Barbara insists this was not by design. She said her husband would “never in a million years” push anyone toward law, and she didn't do likewise with her daughter-turned-reporter, either. Shannon even shunned journalism as a career choice while in college, not wanting to follow her mother. But after a couple of years’ work in public relations, she changed her mind. Now she writes for the Santa Barbara Independent.
"Adults in their 20s and early 30s were raised by parents to be superstars—parents making decisions every step of the way." —Barbara Kelley
Barbara and Shannon hadn’t written together before they started the book, but both said fights were kept to a minimum. They divided up writing the chapters, emailing drafts back and forth for editing. “Writing a book is pretty intense,” Shannon says. “But I think if you’re going to write a book with anybody, maybe it’s a good idea that they will still have to love you at the end of it.”
Barbara, who has taught at Santa Clara since 1997, says she wouldn’t have been as interested in the project had Shannon not jumped on board. “The fact that she said, ‘Let’s do it together’—I thought, That’ll be fun, and it’ll be great to do something with my daughter.”
Since Undecided was published last April, the pair has done numerous interviews for print and broadcast, with book readings up and down the West Coast (including a signing at SCU’s Grand Reunion in October). They continue to blog and have their work published by the Huffington Post and Slate.
Trying to ‘have it all’
Undecided weaves anecdotes from numerous characters into a well-researched account about what the authors call a “grass is greener” syndrome. Some of the younger characters, who often jump from career to career, are former Santa Clara students of Barbara’s. “Molly” is a recent SCU grad, a near 4.0 student, who landed a job in New York with a big magazine. It wasn’t right for her. After struggling with the decision, she quit and went back to grad school at New York University.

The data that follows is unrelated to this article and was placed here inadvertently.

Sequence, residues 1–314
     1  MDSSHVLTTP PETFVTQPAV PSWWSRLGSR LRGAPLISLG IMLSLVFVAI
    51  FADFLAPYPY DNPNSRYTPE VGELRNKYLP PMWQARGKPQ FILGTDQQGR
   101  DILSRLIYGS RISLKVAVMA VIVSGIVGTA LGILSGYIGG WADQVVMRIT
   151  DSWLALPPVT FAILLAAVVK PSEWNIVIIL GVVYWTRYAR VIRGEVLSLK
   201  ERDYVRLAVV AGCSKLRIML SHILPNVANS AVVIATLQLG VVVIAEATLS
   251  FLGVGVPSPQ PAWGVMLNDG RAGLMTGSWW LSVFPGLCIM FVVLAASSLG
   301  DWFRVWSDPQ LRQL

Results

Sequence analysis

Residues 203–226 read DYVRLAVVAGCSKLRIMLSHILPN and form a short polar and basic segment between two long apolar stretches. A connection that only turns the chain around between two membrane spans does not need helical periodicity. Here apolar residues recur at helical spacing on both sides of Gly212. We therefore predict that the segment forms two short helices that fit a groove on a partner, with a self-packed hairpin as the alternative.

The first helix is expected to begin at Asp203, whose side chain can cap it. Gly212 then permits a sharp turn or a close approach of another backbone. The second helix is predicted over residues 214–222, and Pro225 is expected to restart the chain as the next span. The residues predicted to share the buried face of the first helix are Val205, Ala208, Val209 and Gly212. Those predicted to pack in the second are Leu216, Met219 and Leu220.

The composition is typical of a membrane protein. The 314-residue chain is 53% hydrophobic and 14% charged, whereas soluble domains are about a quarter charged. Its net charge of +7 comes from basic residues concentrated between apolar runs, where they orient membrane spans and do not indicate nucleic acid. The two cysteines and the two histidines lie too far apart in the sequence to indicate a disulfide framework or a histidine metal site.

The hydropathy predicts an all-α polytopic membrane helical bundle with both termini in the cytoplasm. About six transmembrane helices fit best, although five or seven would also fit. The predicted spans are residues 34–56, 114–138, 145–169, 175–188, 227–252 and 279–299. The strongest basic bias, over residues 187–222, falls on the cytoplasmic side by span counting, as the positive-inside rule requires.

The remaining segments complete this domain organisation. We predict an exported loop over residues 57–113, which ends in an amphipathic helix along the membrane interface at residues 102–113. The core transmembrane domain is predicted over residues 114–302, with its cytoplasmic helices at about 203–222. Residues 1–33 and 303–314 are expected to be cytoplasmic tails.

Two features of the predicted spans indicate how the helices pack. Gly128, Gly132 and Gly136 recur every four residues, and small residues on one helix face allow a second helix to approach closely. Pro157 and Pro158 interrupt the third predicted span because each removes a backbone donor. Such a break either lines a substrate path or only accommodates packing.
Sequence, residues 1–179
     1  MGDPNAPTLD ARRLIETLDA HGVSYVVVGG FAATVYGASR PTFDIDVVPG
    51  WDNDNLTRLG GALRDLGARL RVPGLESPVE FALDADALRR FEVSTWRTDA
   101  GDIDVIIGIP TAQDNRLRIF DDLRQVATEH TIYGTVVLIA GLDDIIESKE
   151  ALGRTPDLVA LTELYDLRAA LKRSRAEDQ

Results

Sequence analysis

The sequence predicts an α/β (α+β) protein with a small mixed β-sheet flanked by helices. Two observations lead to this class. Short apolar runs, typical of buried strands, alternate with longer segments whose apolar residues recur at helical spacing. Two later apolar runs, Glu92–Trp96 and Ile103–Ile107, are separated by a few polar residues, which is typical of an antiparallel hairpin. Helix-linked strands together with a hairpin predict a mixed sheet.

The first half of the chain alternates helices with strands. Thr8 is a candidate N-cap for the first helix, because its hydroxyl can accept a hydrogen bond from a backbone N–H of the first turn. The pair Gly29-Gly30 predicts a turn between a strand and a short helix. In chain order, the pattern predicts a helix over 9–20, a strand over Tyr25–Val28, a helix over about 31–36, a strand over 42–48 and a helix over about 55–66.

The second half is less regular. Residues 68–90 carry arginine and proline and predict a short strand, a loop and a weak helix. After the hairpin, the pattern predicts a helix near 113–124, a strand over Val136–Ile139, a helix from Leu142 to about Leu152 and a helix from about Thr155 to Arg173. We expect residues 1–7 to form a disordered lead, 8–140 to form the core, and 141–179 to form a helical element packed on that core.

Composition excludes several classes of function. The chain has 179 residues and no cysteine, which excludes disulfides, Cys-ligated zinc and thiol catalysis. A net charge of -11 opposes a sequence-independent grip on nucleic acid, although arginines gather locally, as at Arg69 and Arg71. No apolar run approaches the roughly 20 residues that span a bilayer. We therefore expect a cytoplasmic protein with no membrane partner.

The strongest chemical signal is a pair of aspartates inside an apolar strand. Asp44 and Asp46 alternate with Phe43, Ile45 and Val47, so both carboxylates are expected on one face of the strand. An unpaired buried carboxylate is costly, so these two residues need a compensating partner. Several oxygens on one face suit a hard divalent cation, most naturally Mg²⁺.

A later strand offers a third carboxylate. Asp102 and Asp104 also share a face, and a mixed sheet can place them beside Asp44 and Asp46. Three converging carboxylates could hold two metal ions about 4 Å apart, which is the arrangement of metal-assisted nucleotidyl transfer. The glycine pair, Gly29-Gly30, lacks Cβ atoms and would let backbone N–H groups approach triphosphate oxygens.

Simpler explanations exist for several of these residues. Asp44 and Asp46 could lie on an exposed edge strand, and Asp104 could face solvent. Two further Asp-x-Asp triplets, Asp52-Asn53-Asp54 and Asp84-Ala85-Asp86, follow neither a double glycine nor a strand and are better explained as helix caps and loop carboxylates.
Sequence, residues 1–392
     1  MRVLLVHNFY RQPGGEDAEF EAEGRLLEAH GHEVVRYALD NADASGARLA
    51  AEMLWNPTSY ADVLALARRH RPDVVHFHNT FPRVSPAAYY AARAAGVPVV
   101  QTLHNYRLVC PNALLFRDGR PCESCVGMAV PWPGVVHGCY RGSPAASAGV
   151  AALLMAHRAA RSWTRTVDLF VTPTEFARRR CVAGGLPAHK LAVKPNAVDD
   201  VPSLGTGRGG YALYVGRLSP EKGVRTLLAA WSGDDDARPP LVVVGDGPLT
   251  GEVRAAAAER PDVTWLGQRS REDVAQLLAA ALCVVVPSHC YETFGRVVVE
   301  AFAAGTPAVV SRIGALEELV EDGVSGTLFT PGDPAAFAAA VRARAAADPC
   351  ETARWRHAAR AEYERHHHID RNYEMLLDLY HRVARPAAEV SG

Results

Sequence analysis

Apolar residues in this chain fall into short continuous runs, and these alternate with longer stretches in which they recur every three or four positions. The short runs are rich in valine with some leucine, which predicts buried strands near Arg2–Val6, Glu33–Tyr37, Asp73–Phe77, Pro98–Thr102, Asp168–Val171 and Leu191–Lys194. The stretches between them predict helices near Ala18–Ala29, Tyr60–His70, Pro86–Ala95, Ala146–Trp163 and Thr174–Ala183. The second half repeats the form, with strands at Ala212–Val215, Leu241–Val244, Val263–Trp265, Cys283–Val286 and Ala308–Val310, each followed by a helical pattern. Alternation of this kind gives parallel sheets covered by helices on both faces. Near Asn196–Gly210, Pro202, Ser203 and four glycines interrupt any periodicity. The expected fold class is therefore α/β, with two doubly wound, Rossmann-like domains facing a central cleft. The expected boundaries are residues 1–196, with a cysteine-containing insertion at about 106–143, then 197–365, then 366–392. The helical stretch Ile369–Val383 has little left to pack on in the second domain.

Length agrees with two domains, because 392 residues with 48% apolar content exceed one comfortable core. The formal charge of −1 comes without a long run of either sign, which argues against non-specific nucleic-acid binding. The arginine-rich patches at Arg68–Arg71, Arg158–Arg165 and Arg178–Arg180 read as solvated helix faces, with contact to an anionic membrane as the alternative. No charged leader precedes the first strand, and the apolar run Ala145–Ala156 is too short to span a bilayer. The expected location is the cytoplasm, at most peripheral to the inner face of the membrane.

Portraits show women going through numerous trials and tribulations before finding the right path—or maybe not. “Lori” has had numerous careers: a poet with an MFA, a grantwriter, a reporter, a teacher. The Kelleys talk to her as she’s pregnant with her first child, and she’s worried that her career will suffer for it.
With a message sure to bring an Amen! from many couples, the Kelleys write that corporate structures have not caught up to the idea of two working parents. It’s no secret that child-care responsibilities still often fall to the mother first. But then, pursuing a career might mean giving up dreams of a perfect pound cake—as well as much loftier aspirations.
Two themes are interwoven throughout the book: that it’s simply not possible to “have it all,” and that taking risks and failing is okay. Both tend to go against what Gen-Xers and the Millennials have been taught from an early age.
“The best thing is to accept the reality that everything won’t be perfect,” Shannon says. “You can’t have it all, and that is not a statement of resignation. It’s the truth, and if you can look at it that way, and take it for what it is, then it’s actually kind of a helpful sentiment.”
It’s part of the winnowing process that might lead to understanding—and pursuing—what matters most.